Sarbanes Oxley, HIPAA and the Patriot Act have served to compel companies to better monitor and organize their documents and record management systems. Urgency is driving new products into – what else? – “enterprise content management”.

Spending on Web-content management technologies always has been difficult to monitor. CIOs tend to think of it in discrete bites, such as portal technology, or as part of an overall CRM initiative. Indeed, with increased emphasis on self-service , many companies — whether they know it or not — depend greatly on the art and science of Web-content management.

Until recently, Web-content management was only a subsector of the amorphous area known as “content management.” However, new trends — both industry-specific and economy-agnostic — are propelling this technology to the top of many CIOs’ priority lists.

For starters, new legislative initiatives, such as the Sarbanes-Oxley Act, HIPAA (Health Insurance Portability and Accountability Act) and the Patriot Act, have moved companies to better monitor and organize their document and record management and retrieval systems, AMR Research director Jim Murphy told CRMDaily.com.

Yet the purchase decision is not an easy one to make. This technology, like many others, is following the traditional pathway of many stand-alone applications — that is, some aspects of it are becoming commoditized.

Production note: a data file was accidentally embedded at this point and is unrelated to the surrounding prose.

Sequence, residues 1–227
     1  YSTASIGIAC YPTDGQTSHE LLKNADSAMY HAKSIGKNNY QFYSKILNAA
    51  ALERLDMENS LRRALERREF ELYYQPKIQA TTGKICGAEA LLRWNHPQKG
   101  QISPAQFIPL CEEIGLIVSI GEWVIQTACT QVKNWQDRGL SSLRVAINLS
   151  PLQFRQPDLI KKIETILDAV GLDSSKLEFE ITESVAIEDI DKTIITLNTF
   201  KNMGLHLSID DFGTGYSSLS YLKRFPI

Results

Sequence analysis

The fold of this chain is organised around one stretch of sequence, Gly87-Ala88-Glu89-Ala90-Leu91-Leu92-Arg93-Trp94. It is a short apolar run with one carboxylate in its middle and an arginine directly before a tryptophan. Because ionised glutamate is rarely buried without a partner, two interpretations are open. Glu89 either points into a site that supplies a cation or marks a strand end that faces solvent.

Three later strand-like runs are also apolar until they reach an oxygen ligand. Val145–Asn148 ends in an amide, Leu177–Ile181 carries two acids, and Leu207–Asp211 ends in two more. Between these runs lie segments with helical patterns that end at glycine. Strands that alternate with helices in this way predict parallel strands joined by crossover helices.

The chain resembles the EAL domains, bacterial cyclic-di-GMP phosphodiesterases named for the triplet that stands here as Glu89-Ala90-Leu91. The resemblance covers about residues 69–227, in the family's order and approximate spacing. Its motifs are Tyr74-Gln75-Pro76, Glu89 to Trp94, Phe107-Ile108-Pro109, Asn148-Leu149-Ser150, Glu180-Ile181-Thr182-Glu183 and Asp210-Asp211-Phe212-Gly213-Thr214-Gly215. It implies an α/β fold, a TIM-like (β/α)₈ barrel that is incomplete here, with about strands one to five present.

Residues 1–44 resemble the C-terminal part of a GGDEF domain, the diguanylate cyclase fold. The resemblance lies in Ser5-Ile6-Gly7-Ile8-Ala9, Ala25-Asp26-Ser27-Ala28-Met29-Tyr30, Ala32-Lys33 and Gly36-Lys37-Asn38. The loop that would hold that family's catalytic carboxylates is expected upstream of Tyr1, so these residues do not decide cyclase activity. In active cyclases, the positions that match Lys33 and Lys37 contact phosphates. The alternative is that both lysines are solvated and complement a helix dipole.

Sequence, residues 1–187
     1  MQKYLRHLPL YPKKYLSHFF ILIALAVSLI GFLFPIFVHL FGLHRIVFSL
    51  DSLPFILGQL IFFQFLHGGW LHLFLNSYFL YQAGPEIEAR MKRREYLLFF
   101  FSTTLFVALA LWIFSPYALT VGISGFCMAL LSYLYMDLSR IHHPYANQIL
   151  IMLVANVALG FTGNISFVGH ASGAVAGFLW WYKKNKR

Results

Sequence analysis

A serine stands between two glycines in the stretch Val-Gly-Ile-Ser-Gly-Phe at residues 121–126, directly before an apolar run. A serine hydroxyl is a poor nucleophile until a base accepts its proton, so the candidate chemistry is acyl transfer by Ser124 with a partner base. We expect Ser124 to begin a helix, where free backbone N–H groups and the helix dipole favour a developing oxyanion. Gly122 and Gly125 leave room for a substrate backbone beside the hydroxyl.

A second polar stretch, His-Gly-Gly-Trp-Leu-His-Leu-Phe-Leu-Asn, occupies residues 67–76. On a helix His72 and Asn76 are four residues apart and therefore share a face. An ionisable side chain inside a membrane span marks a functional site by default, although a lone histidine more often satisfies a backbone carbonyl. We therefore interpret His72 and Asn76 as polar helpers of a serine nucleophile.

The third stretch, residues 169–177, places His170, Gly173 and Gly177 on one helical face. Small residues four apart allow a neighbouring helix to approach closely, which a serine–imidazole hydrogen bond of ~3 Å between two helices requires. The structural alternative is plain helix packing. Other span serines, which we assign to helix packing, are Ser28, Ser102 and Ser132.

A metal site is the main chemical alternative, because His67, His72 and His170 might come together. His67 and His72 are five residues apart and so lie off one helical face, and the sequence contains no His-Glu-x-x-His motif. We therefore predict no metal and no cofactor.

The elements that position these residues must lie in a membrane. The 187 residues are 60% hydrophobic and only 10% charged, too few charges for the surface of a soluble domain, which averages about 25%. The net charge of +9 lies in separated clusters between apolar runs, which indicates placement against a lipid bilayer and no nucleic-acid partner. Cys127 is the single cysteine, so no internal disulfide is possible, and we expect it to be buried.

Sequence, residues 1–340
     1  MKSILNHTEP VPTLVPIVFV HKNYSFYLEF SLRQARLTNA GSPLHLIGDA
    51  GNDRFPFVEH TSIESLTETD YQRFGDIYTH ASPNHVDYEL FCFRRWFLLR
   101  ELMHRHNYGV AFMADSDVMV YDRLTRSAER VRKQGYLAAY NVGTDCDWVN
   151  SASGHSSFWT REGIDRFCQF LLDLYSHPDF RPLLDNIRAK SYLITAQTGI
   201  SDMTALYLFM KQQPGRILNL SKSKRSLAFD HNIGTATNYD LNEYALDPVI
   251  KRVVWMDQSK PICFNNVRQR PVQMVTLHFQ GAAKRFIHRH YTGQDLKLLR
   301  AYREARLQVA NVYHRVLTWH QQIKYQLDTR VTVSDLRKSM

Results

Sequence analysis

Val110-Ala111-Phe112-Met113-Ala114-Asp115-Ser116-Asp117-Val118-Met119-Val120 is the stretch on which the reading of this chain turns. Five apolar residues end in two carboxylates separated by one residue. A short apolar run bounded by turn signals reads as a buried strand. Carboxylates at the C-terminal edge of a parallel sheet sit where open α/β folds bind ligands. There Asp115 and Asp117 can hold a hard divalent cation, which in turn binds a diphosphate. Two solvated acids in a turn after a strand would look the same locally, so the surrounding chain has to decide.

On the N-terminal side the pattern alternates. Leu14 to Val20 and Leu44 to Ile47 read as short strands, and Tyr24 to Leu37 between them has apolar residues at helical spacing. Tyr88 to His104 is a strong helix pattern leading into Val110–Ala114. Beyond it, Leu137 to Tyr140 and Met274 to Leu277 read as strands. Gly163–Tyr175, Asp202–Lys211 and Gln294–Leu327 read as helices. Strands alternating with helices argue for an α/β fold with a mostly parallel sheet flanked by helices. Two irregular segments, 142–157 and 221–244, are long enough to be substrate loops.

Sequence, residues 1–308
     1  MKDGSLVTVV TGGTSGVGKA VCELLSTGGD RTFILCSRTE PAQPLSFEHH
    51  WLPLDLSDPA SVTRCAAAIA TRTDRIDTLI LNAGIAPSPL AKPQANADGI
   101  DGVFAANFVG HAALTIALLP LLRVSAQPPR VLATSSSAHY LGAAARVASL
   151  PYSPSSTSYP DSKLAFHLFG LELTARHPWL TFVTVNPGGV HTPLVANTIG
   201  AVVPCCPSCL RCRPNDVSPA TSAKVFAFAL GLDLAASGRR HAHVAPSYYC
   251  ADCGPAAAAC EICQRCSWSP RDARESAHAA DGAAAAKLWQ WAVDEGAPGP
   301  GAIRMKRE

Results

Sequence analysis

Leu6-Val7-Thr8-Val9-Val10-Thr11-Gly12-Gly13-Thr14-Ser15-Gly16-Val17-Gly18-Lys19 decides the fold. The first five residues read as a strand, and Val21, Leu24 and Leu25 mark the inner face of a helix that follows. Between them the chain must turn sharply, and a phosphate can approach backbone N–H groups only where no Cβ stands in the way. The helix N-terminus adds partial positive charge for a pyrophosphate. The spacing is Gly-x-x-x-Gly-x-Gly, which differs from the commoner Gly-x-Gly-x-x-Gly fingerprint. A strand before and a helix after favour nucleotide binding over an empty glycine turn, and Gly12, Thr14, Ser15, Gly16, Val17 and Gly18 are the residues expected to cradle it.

At the same time, IT juggernauts Microsoft and IBM are making a play for this space, putting further pressure on such traditional vendorsas Vignette (Nasdaq: VIGN) , FileNET, Interwoven and Documentum. For these and other reasons, prices for this technology have hit new lows. The result? A bonanza for buyers.

In one way, the purchase decision has been made easier — thanks to the traditional shift toward enterprise suite building. “One of the drivers we are seeing — in general, across the entire industry — is the de-specialization of niche aspects of content management,” Gartner research analyst Lou Latham says “to the point where this technology, as a whole, is beginning to absorb all the special labels — such as ‘Web-content management,’ ‘document management,’ ‘records management,’ and so on.”

In another words, it is the birth of yet another “enterprise” suite. Not that this is a bad thing for buying companies.

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